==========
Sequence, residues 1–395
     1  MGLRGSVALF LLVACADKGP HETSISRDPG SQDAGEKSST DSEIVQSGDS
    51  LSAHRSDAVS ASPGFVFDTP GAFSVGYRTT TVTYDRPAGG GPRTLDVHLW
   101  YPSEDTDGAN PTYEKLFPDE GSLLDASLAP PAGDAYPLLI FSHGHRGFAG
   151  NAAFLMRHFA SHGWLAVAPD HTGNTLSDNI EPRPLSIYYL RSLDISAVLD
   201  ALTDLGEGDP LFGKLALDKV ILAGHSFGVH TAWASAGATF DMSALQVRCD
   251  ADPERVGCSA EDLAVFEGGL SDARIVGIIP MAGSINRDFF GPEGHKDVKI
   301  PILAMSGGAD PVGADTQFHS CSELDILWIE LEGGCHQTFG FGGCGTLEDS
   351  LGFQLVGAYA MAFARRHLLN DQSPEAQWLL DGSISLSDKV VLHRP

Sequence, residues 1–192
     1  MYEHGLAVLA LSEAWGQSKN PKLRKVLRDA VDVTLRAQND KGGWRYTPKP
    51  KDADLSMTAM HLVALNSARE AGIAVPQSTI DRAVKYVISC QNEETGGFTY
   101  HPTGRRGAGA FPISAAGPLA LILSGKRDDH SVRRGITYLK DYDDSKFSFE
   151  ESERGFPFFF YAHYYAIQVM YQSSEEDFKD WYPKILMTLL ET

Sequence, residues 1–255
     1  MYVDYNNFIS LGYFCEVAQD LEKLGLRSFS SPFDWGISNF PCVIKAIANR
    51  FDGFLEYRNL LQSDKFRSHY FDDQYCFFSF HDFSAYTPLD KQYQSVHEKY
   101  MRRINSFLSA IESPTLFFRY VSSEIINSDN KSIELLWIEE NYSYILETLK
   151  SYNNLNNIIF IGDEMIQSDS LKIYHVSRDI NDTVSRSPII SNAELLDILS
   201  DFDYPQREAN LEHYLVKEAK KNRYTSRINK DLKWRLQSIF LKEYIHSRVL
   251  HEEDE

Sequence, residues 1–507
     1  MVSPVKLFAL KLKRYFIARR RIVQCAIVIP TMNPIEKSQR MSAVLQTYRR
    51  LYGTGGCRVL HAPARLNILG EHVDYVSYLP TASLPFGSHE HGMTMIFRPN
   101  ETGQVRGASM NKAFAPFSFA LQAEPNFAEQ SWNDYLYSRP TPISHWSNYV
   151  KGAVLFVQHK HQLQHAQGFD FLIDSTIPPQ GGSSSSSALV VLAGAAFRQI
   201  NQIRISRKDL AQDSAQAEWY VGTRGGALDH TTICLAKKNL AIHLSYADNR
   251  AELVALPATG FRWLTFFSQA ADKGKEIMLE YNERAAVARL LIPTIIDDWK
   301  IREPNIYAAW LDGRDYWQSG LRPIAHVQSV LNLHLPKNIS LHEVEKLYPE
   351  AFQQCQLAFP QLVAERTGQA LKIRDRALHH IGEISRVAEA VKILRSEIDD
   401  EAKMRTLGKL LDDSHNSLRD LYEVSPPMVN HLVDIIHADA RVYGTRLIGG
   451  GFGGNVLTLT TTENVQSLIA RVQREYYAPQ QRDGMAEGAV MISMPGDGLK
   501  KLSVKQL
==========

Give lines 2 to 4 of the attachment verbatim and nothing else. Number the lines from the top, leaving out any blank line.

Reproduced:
     1  MGLRGSVALF LLVACADKGP HETSISRDPG SQDAGEKSST DSEIVQSGDS
    51  LSAHRSDAVS ASPGFVFDTP GAFSVGYRTT TVTYDRPAGG GPRTLDVHLW
   101  YPSEDTDGAN PTYEKLFPDE GSLLDASLAP PAGDAYPLLI FSHGHRGFAG